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J Consult Clin Psychol. 2014 Feb;82(1):65-74. doi: 10.1037/a0034640. Epub 2013 Oct 7.

Indicated cognitive behavioral group depression prevention compared to bibliotherapy and brochure control: acute effects of an effectiveness trial with adolescents.

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Oregon Research Institute.
Department of Psychology.



We tested whether a brief cognitive behavioral (CB) group and bibliotherapy prevention reduce major depressive disorder (MDD) onset, depressive symptoms, and secondary outcomes relative to brochure controls in adolescents with self-reported depressive symptoms when school personnel recruit participants and deliver the intervention.


Three hundred seventy-eight adolescents (M age = 15.5 years, SD = 1.2; 68% female, 72% White) with elevated self-assessed depressive symptoms were randomized to a 6-session CB group, minimal contact CB bibliotherapy, or educational brochure control. Participants were assessed at pretest, posttest, and 6-month follow-up.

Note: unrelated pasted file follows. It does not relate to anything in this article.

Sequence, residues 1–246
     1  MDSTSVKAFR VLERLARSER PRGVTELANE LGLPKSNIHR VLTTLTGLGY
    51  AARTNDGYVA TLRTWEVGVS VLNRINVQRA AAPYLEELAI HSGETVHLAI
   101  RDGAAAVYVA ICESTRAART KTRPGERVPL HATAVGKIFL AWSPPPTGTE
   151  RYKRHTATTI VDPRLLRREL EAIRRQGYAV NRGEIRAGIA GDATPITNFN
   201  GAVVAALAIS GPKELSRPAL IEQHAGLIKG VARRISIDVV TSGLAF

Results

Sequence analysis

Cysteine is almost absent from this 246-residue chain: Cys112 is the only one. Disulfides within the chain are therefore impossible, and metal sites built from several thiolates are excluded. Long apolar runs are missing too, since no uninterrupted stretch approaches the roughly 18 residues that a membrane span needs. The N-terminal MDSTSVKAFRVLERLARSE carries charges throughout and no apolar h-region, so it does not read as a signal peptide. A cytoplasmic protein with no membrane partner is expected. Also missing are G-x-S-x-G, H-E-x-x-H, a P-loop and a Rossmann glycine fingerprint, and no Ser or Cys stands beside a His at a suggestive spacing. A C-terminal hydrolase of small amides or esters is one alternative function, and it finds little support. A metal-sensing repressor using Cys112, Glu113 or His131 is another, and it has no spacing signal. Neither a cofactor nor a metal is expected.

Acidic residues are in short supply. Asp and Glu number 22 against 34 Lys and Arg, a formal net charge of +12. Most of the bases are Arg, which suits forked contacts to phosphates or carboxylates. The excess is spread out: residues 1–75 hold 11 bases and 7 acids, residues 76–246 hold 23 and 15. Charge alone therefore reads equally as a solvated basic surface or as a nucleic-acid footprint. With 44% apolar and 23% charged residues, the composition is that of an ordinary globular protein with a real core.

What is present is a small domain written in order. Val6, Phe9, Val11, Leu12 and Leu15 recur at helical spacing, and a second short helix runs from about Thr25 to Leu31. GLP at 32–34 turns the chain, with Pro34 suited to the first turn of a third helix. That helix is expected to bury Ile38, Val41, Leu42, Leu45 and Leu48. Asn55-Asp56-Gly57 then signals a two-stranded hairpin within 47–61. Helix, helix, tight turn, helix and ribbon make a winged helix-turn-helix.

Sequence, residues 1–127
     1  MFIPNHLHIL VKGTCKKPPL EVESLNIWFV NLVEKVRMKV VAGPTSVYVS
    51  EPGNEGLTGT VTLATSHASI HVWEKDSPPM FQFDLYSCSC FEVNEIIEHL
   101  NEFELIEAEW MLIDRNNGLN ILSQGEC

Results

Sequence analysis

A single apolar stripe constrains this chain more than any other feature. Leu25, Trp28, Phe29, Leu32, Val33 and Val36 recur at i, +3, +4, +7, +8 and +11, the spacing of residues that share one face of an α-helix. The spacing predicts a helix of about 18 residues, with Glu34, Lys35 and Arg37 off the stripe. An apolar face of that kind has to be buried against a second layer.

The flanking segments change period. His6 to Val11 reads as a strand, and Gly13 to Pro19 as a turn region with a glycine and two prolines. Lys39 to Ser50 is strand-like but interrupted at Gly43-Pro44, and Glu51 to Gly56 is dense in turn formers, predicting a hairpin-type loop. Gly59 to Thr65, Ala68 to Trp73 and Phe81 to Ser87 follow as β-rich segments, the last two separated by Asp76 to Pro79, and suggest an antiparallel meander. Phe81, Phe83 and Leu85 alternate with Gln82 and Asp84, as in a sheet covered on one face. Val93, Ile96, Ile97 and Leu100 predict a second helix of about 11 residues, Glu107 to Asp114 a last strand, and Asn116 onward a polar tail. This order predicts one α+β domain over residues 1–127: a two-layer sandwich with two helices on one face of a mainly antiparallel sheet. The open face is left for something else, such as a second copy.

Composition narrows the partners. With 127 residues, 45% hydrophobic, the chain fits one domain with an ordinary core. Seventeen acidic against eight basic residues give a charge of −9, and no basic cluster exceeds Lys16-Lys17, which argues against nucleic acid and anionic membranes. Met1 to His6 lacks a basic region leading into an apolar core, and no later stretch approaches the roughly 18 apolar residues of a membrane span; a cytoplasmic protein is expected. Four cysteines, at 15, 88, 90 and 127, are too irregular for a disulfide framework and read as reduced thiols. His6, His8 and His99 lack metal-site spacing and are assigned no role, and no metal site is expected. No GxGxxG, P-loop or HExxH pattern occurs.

CB group participants showed a significantly lower risk for major depressive disorder onset (0.8%), compared to both CB bibliotherapy (6.3%) and brochure control (6.5%; hazard ratio = 8.1 and 8.3, respectively). Planned contrasts indicated that CB group resulted in lower depressive symptom severity than brochure control at posttest (p = .03, d = 0.29) but not 6-month follow-up; differences between CB group and bibliotherapy were nonsignificant at posttest and 6-month follow-up. Condition effects were nonsignificant for social adjustment and substance use.


The finding that a brief CB group intervention delivered by real-world providers significantly reduced MDD onset relative to both brochure control and bibliotherapy is very encouraging, although effects on continuous outcome measures were small or nonsignificant and approximately half the magnitude of those found in efficacy research, potentially because the present sample reported lower initial depression.

[Indexed for MEDLINE]
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